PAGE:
When Cyprus approached the International Monetary Fund last summer to say that it might need a bailout, it had no idea what lay in store.
Already in trouble from its heavy purchases of Greek bonds, only a few years ago Cyprus had had a humming economy, fed in large part by a financial sector that thrived on substantial deposits from, among others, Russians who had made their money after the breakup of the Soviet Union and who parked billions in accounts and shell companies housed by Cyprus’s relaxed atmosphere.
However, the Greek crisis hit Cyprus hard. Its financial sector held assets eight times the size of its economy, and after the “haircut” imposed on those holding Greek bonds, the situation worsened as some of those large depositors began to move their money out of the country’s banks. Cyprus drew on Emergency Liquidity Assistance from its central bank to the tune of 9 billion euros, but after the country’s February elections the European Central Bank informed the new government that it would cut off additional ELA unless Cyprus worked out a bailout deal.
The deal finally offered in March shocked not just Cypriots, but people throughout the Eurozone and beyond. The troika—the European Union, the IMF, and the ECB—determined that for Cyprus to receive a 10-billion-euro bailout, it must contribute 5.8 billion euros to its own rescue. Since Cyprus, unlike Greece in earlier days, did not have many bondholders from which to get funds, the remaining option was to take the money from the bank’s depositors—something that had never been done.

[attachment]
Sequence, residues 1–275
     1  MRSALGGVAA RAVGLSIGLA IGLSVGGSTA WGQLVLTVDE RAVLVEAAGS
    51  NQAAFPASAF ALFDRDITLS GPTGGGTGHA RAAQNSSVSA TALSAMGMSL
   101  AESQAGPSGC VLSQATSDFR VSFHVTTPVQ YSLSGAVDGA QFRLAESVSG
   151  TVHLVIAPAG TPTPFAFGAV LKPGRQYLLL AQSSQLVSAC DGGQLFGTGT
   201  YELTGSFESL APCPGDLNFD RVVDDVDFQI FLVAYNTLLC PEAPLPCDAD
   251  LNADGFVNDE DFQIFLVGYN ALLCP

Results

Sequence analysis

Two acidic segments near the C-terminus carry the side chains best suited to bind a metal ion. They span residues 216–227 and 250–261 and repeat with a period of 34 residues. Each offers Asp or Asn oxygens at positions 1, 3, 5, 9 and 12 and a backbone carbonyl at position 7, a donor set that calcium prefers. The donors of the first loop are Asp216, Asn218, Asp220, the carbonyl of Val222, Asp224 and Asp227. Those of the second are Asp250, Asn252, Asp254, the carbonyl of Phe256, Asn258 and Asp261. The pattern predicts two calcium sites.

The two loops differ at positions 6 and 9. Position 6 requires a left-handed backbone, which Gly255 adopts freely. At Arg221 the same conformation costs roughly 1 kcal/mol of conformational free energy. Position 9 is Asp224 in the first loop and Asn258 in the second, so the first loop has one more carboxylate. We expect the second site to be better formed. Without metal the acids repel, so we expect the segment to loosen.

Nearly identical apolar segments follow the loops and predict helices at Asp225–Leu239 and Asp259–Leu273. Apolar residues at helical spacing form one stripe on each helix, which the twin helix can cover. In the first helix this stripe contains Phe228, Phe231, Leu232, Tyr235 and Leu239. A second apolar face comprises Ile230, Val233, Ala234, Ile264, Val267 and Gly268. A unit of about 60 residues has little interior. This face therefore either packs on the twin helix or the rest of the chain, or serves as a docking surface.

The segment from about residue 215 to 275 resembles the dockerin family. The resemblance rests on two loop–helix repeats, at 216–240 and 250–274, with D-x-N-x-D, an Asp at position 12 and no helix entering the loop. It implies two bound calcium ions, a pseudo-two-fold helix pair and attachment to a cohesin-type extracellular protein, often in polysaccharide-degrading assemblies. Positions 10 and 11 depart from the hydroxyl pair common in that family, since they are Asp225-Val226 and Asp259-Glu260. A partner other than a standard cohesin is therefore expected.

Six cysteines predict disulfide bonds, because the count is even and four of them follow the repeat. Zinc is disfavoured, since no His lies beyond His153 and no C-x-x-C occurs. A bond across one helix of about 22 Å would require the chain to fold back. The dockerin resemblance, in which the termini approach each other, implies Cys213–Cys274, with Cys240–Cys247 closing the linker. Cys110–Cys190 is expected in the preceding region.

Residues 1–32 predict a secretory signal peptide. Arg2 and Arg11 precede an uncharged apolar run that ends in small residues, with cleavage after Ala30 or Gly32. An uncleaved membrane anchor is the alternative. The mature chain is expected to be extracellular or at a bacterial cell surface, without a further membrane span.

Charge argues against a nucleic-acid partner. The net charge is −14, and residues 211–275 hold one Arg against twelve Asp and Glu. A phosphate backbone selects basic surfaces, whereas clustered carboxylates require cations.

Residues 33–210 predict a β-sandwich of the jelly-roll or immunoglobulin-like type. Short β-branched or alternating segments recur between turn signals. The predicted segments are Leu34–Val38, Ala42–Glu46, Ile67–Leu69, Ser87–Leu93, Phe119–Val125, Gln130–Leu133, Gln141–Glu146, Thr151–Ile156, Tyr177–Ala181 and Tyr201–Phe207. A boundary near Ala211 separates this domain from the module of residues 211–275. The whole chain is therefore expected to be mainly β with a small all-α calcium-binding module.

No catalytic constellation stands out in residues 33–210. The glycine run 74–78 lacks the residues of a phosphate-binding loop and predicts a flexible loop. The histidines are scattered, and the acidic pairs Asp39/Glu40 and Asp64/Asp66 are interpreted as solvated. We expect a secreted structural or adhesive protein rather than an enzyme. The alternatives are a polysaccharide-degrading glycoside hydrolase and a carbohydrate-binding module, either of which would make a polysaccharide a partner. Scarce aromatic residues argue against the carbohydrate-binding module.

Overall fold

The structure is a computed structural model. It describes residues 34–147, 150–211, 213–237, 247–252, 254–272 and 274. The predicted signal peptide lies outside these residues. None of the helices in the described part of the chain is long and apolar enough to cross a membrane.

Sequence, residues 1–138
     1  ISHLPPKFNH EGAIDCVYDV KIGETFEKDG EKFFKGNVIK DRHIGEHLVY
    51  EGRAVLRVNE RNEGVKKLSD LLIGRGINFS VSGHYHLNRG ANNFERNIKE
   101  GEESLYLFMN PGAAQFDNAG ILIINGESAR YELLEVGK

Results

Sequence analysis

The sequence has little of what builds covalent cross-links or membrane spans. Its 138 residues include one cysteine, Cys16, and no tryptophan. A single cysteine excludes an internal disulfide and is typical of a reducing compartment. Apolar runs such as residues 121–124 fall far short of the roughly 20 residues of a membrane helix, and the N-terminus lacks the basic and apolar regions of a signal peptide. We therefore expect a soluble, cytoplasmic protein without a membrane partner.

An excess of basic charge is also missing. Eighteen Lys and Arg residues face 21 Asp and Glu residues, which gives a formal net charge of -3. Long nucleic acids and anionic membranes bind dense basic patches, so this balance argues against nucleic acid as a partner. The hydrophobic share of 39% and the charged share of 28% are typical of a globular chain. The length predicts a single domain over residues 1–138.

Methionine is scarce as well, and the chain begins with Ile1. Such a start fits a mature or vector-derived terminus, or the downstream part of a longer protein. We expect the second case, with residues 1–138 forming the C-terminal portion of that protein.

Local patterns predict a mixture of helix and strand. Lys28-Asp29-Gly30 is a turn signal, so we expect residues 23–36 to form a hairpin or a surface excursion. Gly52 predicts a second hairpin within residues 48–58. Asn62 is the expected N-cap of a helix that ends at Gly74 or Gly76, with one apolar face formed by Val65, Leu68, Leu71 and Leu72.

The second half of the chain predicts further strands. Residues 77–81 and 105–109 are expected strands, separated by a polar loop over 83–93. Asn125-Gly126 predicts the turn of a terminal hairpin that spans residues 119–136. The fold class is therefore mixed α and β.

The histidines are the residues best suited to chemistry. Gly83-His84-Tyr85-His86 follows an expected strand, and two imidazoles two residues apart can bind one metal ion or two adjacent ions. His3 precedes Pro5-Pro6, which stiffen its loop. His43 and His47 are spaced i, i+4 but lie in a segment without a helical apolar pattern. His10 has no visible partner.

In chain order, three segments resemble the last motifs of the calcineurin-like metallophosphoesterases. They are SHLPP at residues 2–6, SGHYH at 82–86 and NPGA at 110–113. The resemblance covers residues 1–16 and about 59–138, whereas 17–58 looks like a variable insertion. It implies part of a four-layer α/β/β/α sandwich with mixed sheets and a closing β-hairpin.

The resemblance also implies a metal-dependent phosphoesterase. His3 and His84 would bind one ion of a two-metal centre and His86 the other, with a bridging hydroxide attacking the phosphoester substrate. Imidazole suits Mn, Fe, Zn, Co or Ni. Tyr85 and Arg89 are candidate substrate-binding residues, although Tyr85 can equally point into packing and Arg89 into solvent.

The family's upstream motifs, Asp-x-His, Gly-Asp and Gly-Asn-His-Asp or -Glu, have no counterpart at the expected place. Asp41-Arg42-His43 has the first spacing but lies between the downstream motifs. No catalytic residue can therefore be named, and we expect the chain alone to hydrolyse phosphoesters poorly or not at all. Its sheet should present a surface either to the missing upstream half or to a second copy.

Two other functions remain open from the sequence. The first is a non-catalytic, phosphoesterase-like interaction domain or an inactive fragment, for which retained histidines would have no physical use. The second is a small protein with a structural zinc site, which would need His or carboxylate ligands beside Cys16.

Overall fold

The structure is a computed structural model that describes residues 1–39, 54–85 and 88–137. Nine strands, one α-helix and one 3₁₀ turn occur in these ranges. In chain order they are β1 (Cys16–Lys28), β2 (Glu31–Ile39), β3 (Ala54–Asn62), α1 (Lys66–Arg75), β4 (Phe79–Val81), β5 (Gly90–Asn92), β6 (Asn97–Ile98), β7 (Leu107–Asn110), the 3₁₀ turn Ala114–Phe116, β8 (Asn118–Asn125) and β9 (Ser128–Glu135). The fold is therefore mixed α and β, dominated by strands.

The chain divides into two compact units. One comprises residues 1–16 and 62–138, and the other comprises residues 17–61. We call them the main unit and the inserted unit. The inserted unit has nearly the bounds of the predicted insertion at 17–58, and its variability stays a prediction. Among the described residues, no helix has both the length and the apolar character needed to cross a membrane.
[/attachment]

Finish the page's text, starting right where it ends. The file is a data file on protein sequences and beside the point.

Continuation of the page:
Cyprus was the fifth nation to receive a bailout, but no other nation got hit with the terms that Cyprus did: originally all depositors were expected to help pay for the rescue, with small depositors paying a 6.75% levy and large depositors, with accounts over 100,000 euros, paying even more. That was so distasteful Cyprus tried, but failed, to get a helping hand from Russia, the source of so much of its money. Cyprus’s parliament voted down the deal, which then was revised so that only depositors with accounts over 100,000 euros were to be hit.
Still, the notion that small depositors with guaranteed savings could be expected to pay for a bailout at all raised fury in Cyprus. Large depositors, of course, weren’t happy either, especially since they could no longer move funds out of the country under the newly imposed capital controls designed to prevent runs on the banks.
Cyprus was a tax haven, and perhaps it was inevitable that there would be trouble once regulators began to pursue tax evaders and the institutions that supported them. After all, the U.S. brought down Switzerland’s oldest bank, Wegelin, that had been doing business based on privacy for 272 years. It also brought Switzerland to the negotiating table in an attempt to come to terms for the rest of its banks.
However, the trouble came, not from the U.S., but from Germany, which insisted that depositors had to pay for the bailout. Why? In part because Cyprus has a reputation for lax financial rules, despite the fact that it has in place all the regulations that were required for its entry into the Eurozone. It is one thing to have regulations, and entirely another to enforce them.
The facts that depositors with supposedly insured accounts were targeted, however briefly, and that large depositors are now on the hook for as much as 60% of their funds, have led to concerns elsewhere in the world, not just the Eurozone, that it could happen again—and to them. In fact, the U.K. has already moved to reassure its depositors that their money is safe.